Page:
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Paul Robeson puts new spin on a musical classic

If it's possible for a piece of theater to serve both as a timeless commentary and a perfect embodiment of its era, "Don't Bother Me, I Can't Cope" fits the bill.

The wildly entertaining 1971 musical revue about the lives and struggles of black Americans, with music and lyrics by Mikki Grant, has received a spirited makeover by Buffalo choreographer and director Carlos Jones. It runs through March 25 in the Paul Robeson Theatre.

There is a tinge of disappointment to the timelessness of this particular piece: Its continued resonance relies, in part, on just how cruel and stubborn the structural racism Grant wrote about remains.

When actor Chalma Warmley says that he has "been around for centuries and you don't know me yet," as Jones wrote in his program note, "a collective exhale filled the rehearsal hall and the cast members eyed each other in that unspoken acknowledgement of common understanding."

There's a reason Jones dispensed with this sentiment right up front. It was so he and his enthusiastic cast could delve into Grant's eclectic material with total commitment, boundless energy and profound dedication to unearthing the essential joy, humor and optimism of the material.

Their work beams with pride, elevating the score and bringing it firmly into the present.

The sense of forward motion that suffuses the production begins immediately, with "I Gotta Keep Movin'," a resonant commentary on persistence sung with a spiritual inflection by London Lee and a gifted cast of singers and dancers.

From there, we take a trip into Harlem, into the life of Billie Holiday, into a Sunday church service and into a club where we witness the evolution of dance through the decades. Though there is no plot to tie them together, the scenes don't feel disconnected.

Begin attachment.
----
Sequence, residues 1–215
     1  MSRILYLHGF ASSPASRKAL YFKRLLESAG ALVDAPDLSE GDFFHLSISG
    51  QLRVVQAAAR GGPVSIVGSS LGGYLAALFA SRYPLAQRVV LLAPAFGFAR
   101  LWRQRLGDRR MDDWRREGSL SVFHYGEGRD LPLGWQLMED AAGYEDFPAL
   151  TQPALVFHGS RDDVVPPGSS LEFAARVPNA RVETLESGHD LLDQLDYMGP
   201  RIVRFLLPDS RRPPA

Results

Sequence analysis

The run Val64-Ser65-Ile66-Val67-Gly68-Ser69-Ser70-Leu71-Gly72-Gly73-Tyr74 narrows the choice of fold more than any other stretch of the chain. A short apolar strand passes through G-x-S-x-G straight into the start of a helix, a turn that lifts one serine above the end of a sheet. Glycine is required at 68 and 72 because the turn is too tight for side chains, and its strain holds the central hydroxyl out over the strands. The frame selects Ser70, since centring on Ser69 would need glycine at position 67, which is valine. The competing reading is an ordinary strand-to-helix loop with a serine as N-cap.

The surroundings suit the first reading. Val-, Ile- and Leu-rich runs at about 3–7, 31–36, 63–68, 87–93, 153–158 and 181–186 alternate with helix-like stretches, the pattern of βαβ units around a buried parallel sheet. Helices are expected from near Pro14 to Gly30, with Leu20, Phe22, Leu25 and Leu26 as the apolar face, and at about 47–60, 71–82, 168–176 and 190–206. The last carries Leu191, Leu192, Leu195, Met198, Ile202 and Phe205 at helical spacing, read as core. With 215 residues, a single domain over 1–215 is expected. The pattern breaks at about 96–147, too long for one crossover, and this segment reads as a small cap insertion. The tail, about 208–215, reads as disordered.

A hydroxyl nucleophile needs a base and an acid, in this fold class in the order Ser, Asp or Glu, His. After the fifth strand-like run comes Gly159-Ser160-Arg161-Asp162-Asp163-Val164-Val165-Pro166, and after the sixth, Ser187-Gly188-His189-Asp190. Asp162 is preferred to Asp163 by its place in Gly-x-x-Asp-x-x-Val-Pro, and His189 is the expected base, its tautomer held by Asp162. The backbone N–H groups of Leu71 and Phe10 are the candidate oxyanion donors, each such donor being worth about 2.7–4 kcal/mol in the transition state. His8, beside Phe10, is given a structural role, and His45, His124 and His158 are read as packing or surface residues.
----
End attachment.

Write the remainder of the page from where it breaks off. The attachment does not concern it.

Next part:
A standout performance comes from Taneisha Facey, who sings "So Little Time," an emotional ballad reflecting on the uselessness of hate, with deep sensitivity and excellent command of her instrument. As Billie Holiday and a number of other characters, Deatra White Paris easily shifts gears from deep pathos to highly effective comic relief.

And in the updated "History of Dance" number – lest you thought it began as a viral YouTube video – Kayla Henigan is irresistible as she leads the cast through everything from the Charleston to the Robot.

Jones' talent as a choreographer, able to lead a cast with varying skill levels through this challenging, dance-driven show, is everywhere apparent. His work fits the eclectic nature of Grant's score, which hop-scotches from folk to blues and spiritual to Calypso in a way that surprisingly does not feel disjointed.

Harlan Penn's set is characteristically appropriate to the material, providing a multi-tiered, comfortably spacious backdrop of warm wood for the cast to occupy.

A video screen projecting images of civil rights marches, successful black Americans and even local politicians like George K. Arthur and Mayor Byron W. Brown adds a welcome sense of contemporary importance to what might strike some as a dated piece of theater. It is a bit hyperactive, however, and would benefit from fewer, better-chosen images so as not to distract too much from the live performers.

However you look at it – as an embodiment of its era, an acknowledgement of the struggles ahead or just a great night of music and dance – "Don't Bother Me, I Can't Cope" delights.

Theater Review

3 stars (out of 4)

"Don't Bother Me, I Can't Cope" runs through March 25 in the Paul Robeson Theatre, 350 Masten Ave. Tickets are $20 to $30. Call 884-2013 or visit

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